Dizzy Gillespie (Sunday 4.21.13)

With his conception of harmonics and driving tempos, Dizzy Gillespie was an architect of the modern sound (bebop), daring others to reach for the stars, alongside him. His virtuosity and creativity helped to define a whole new approach to improvisation and self-expression, as his career spanned more than 50 years. An entertainer as well as an accomplished artist, Dizzy brought intelligence and wit to his playing – an example of confidently showcasing what is possible. In this short feature Rabbi Neil Blumofe explores what Gillespie’s legacy can teach us about the revolutionary aspect of humor, and how we can live in accordance with an authentic self, while understanding what masks we wear and what they may represent.

Clifford Brown (Sunday 4.14.13)

Jazz trumpeter Clifford Brown is known for his precise and captivatingly smooth technique, and as a musician who died before his time in a tragic car crash at the age of 25. He recorded most notably with drummer Max Roach and saxophonist Sonny Rollins, and his compositions Joy Spring and Daahoudare jazz standards to this day. His lasting impact on the jazz cannon is profound. In this short feature Rabbi Neil Blumofe discusses what Brown’s legacy teaches us about the strength and importance of following ones own path in spite of contradictory expectations.

Billie Holiday (Sunday 4.7.13)

Billie Holiday once said, “No two people on earth are alike, and it’s got to be that way in music or it isn’t music.” As we look back on her life and legacy we gain a deep appreciation for her unique voice, and the authenticity and openness of her approach to music. Even as she struggled with drugs, alcohol, abusive relationships and racism she maintained a raw understanding of her perspective. When she is judged by everything but the genius of her body of work, we recognize and fear that it might happen to us as well. However, as we listen and connect with her through her music we gain a deeper understanding of both the vulnerability and strength in our passions.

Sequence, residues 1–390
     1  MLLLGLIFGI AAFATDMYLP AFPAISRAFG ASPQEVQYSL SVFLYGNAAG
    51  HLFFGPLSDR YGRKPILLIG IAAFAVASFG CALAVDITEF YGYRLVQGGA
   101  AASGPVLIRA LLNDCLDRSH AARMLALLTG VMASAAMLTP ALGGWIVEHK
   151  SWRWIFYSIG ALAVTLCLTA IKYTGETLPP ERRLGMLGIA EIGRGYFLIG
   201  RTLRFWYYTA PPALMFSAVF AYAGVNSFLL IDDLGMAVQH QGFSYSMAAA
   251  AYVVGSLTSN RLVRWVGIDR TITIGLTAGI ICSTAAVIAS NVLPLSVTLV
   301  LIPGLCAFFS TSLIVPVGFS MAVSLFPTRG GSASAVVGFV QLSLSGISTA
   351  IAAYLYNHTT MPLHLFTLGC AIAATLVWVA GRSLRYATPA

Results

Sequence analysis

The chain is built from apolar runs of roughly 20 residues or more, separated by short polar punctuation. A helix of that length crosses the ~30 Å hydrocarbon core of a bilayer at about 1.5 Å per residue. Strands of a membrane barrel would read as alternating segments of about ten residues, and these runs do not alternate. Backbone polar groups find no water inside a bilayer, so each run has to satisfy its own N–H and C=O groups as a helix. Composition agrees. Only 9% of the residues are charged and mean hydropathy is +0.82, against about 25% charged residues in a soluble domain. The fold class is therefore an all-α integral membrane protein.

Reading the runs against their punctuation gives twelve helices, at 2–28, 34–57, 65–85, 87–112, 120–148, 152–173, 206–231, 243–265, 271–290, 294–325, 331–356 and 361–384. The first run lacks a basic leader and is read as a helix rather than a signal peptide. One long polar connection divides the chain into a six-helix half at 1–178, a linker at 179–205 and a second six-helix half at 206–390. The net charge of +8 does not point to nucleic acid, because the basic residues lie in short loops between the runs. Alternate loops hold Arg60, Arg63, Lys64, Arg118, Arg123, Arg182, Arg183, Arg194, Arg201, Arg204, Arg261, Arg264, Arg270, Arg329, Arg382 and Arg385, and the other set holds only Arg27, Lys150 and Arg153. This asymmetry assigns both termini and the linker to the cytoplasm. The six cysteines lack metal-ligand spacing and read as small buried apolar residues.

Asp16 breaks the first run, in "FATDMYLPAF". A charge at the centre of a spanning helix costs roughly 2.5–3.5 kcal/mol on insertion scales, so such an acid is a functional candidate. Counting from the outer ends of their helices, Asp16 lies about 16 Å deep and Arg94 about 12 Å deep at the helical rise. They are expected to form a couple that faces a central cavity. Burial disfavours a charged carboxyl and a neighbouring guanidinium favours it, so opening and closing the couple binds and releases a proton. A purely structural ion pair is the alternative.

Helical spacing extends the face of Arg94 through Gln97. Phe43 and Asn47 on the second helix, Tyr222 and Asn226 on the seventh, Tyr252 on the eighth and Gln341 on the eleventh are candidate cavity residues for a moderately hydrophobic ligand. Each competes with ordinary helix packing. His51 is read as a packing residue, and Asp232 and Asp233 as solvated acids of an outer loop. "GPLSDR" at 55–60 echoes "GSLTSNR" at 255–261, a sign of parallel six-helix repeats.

Bud Powell (Sunday 3.31.13)

As we recognize Bud Powell as one of the most influential jazz pianists of the 20th century, we must also acknowledge how much of his greatness and potential was muted beneath the cruelty and inhumane treatment that marked so much of mid 20th century America. Yet, even through the pain he suffered, when he sat down to perform at the piano he would continue to amaze audiences and musicians alike with his remarkable dexterity, speed and timing.His legacy reminds us of the tightrope we walk each day as we try to remain close to those things we need to sustain our souls in a time when exterior elements beyond our control are battling for our attentions, our bodies, our minds and our spirits. When listening to the genius of Bud Powell we can hear and feel the sheer force of human will, and the power one exudes when fully present amidst the chaos both inside and out.

Benny Goodman (Sunday 3.24.13)

In the 1930’s, the clarinetist and bandleader, Benny Goodman, brought jazz stylings to mainstream America. With this short feature jazz historian and Rabbi Neil Blumofe muses on how Goodman offered a space for freedom and expression which combated early 20th century ideologies based on fear and tyranny. In an age of segregation, creeping fear, and xenophobia, Goodman boldly set forth a new agenda for American music, integrating his band and exasperating the assumptions of culture, sophistication, and assumed ways of life. His legacy reminds us to reconsider regimented ideas of identity and forge our own paths against repression.